More than half of all human infectious diseases in recorded history — Lyme, West Nile, hantavirus, typhoid, HIV and influenza, to name a few — have been exacerbated by the mounting impacts of greenhouse gas-driven climate change.
That is the sobering conclusion of a new, first-of-its-kind paper that combed through more than 70,000 scientific studies to pinpoint how an array of climate hazards have impacted 375 pathogenic diseases known to have impacted humans. A team of 11 researchers at the University of Hawaii at Manoa conducted the analysis, which was published Monday in the peer-reviewed scientific journal Nature Climate Change.
“I have to tell you that as this database started to grow, I started to get scared, man,” Camilo Mora, a climate scientist at UH Manoa and the paper’s lead author, told HuffPost. “We just started realizing that this one single thing that we do — the emission of greenhouse gasses — can influence 58% of all of the diseases that have impacted humanity. You realize the magnitude of the vulnerability that we are under. I went from excited to terrified.”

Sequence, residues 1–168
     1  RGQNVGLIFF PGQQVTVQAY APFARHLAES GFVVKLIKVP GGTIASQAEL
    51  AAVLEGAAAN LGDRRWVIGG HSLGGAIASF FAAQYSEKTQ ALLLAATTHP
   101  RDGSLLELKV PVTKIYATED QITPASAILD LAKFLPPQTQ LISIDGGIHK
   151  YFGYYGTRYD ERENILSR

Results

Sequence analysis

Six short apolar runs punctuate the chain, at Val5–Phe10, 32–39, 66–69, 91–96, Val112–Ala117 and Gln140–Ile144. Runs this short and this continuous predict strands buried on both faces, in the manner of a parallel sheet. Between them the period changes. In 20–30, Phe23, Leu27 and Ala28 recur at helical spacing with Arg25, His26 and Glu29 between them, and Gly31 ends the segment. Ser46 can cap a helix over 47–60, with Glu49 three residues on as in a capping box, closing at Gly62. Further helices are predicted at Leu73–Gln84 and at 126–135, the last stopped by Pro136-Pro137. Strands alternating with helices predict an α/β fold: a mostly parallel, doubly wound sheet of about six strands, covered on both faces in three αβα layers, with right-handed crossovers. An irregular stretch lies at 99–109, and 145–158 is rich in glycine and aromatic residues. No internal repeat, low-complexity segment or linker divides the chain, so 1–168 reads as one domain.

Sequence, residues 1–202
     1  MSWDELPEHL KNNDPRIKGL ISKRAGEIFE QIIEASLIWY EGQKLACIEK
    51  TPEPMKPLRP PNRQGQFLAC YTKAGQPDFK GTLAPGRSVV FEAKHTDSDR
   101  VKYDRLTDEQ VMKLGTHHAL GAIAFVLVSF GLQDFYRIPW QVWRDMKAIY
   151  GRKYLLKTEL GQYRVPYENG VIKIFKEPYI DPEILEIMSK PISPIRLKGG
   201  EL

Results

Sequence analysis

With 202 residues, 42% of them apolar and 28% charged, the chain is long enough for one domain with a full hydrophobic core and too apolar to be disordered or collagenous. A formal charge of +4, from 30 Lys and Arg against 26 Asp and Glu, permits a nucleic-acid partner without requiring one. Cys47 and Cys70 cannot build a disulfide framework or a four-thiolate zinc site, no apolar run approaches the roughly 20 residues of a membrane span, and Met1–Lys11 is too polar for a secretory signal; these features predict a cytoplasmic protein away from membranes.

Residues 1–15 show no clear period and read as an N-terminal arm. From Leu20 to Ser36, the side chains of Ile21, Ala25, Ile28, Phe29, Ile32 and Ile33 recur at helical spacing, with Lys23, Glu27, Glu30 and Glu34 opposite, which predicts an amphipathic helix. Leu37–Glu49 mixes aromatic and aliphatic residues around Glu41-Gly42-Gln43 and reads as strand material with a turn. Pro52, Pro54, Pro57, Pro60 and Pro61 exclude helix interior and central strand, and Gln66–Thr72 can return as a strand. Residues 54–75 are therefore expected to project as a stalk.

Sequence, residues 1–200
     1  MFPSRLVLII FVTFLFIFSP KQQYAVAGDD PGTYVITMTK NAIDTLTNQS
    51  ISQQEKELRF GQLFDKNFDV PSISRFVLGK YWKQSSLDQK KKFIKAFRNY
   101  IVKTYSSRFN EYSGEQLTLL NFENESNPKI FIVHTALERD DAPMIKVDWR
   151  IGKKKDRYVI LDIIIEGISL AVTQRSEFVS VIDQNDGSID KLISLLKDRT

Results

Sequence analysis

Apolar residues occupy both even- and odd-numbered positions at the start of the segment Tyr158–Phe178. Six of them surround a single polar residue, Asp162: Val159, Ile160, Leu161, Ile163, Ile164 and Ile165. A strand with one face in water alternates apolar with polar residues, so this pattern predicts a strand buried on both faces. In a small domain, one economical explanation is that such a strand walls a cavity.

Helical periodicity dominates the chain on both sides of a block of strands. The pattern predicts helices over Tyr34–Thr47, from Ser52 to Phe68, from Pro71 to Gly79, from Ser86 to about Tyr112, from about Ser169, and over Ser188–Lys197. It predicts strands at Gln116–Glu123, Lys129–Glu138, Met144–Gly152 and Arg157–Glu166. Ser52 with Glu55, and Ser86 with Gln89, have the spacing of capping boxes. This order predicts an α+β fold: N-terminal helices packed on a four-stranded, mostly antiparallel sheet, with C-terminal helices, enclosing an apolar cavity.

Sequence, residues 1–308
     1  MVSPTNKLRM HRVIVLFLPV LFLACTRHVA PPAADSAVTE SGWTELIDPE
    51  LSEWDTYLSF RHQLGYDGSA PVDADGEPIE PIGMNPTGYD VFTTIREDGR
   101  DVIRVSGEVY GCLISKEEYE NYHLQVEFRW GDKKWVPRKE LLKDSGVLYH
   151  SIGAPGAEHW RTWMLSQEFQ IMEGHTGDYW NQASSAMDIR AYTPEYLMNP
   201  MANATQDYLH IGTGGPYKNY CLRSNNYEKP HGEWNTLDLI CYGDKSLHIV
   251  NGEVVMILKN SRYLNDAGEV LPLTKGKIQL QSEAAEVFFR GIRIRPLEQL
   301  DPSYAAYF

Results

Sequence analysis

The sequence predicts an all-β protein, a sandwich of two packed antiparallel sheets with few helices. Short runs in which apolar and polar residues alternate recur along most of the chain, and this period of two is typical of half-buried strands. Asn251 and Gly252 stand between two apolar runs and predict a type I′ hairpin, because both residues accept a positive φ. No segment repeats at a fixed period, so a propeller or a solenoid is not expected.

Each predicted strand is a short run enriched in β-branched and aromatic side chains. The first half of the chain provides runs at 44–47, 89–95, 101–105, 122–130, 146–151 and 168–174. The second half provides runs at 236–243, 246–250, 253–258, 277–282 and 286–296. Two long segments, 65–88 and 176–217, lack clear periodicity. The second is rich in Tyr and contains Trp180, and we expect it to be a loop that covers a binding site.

Scientists have long known and warned that climate breakdown is supercharging infectious diseases, making them more frequent and dangerous. But the new paper quantifies the extent of that growing threat, concluding that a stunning 58% of all documented infectious diseases — 218 of the total 375 — have been aggravated in some way by one or more climate hazards associated with greenhouse gas emissions, including warming temperatures, drought, wildfires, sea-level rise and extreme precipitation.
Mora stressed that that estimate, as alarming as it is, is conservative. The findings exclusively draw on cases with evidence linking climate hazards to infectious disease, he said.